Evanston Trader Joe’s opens with tropical flair

Patrick Svitek/Daily Senior Staffer

Dozens of customers stream into Trader Joe's on Friday morning. The grocery store, 1211 Chicago Ave., marked its grand opening with a lei-cutting ceremony.

Patrick Svitek/Daily Senior Staffer

Dozens of customers stream into Trader Joe's on Friday morning. The grocery store, 1211 Chicago Ave., marked its grand opening with a lei-cutting ceremony.

Patrick Svitek, City Editor

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Evanston welcomed Trader Joe’s on Friday morning with tropical fanfare, capping the city’s longtime hope to lure the grocery store.

Before cutting a ceremonial lei outside the new location, 1211 Chicago Ave., Mayor Elizabeth Tisdahl joked the long-awaited store has made her “famous” among some constituents.

“I did not get to be the mayor of the city of Evanston by stopping people from shopping at Trader Joe’s, so I promise a very brief speech,” she told dozens of eager shoppers, some of whom had camped out the night before for the grand opening.

“This corridor is a fabulous place, and now the entire world knows it’s a fabulous place because Trader Joe’s is here,” Tisdahl added, referring to Chicago Avenue.

The more than 70 people who gathered for the lei-cutting ceremony were offered their own Hawaiian garland as they streamed through the store’s entrance flanked by cheering employees. The store, which opened about a month earlier than expected, features several nods to the city, including hand-painted murals of the Northwestern campus and nearby Dempster Street Beach.

The festive opening came after years of formal and informal efforts to attract the Monrovia, Calif.-based chain to Evanston. A city-backed plan to bring Trader Joe’s to 1890 Maple Ave. in 2008 never came to fruition, and the grocery store passed on another site in south Evanston two years earlier.

Ald. Melissa Wynne (3rd), whose ward includes the store, said Friday morning the city is “thrilled that Trader Joe’s realizes that we are where they belong.”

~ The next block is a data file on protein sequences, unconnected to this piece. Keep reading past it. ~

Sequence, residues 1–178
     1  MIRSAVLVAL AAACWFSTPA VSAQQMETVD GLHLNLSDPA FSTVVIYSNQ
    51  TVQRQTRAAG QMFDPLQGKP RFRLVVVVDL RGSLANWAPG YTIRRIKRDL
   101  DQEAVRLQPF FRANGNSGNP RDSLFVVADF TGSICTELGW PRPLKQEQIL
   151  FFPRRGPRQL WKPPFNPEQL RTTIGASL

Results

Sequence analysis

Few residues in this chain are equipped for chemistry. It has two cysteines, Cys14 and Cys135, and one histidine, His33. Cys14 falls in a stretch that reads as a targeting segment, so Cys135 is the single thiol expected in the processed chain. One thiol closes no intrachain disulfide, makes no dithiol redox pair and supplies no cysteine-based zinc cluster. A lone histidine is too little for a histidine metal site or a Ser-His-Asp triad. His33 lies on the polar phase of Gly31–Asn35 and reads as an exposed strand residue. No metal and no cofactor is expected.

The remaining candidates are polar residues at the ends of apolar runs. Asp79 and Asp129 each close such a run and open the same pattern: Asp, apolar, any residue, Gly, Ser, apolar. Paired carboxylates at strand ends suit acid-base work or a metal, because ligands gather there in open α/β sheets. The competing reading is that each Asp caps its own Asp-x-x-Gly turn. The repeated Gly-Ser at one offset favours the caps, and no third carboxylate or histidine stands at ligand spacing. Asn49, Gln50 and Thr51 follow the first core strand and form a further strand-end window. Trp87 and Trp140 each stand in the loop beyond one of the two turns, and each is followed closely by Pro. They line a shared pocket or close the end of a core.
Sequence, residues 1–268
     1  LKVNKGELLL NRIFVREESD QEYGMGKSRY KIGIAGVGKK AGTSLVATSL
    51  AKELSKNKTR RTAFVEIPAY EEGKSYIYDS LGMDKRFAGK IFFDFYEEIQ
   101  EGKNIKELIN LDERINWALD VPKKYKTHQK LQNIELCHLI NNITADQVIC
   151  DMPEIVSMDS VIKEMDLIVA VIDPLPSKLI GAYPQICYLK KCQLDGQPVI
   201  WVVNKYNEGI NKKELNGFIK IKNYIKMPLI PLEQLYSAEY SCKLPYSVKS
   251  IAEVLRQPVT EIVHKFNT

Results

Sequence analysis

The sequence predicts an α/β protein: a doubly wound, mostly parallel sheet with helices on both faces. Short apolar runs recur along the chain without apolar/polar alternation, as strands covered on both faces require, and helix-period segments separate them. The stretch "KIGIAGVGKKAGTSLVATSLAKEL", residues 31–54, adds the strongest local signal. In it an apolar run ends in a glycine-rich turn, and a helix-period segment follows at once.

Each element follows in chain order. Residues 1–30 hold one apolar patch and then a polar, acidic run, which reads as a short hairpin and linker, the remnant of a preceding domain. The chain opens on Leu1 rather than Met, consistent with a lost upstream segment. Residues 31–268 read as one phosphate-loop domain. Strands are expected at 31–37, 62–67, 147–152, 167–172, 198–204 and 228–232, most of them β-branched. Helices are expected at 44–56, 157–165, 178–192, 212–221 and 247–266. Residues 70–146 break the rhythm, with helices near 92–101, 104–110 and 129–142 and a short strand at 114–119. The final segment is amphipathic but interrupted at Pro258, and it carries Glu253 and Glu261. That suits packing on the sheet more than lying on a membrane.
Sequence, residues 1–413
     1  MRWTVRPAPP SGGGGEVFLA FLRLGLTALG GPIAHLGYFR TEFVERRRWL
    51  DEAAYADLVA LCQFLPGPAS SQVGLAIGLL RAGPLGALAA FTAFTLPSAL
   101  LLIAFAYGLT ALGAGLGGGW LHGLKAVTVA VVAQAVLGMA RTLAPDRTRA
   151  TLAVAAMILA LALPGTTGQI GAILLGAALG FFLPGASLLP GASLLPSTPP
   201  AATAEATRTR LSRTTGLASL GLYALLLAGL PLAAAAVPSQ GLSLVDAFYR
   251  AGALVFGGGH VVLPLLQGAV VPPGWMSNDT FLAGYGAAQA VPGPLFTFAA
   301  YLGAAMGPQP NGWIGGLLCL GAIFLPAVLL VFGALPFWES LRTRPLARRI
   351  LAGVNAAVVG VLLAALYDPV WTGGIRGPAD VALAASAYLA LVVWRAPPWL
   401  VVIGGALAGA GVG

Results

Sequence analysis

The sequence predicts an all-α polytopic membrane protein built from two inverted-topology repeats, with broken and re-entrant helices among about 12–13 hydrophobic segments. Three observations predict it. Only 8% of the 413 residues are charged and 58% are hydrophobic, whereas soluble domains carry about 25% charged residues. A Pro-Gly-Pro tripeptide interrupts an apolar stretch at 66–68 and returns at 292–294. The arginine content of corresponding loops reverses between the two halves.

NU officials were also on hand to take some credit for the school’s role in bringing Trader Joe’s to Evanston. University President Morton Schapiro said in February 2012 that the store “wouldn’t have happened” if NU had not been willing to sell or swap school-owned land north of the property.

“Really pleased to have been a part of making this thing work,” Eugene Sunshine, NU senior vice president for business and finance, told the crowd at the lei-cutting ceremony. “More pleased for our faculty, our staff and our students, who I know are going to get a lot of use out of the place and represent many customers to you all.”

Two NU graduate students, Scott Ogawa and Sergey Gitlin, camped outside the store starting at 8:30 p.m. Thursday.

After Tisdahl cut the ceremonial lei, Ogawa rushed inside Trader Joe’s and bought a bottle of olive oil. He said he will use it as a flower pot and to remember his nearly 12-hour wait for the grand opening.

Ogawa and Gitlin were not the only customers anxiously anticipating the new location. Mark Kaplan, a 55-year-old physician who lives about two blocks from the store, said he was glad Trader Joe’s finally arrived in Evanston.

“It’s a niche store, and it’s great for the neighborhood,” Kaplan said. “Everybody is happy who works here.”

Sandra Irving, a 57-year-old caregiver from Skokie, said she usually sends her son to the Trader Joe’s in Northbrook, Ill., with a grocery list.

As she pushed her shopping cart out of the Evanston store Friday morning, she added, “Now I can come here.”

The new location is open from 8 a.m. to 9 p.m. daily.

Email: patricksvitek2014@u.northwestern.edu
Twitter: @PatrickSvitek

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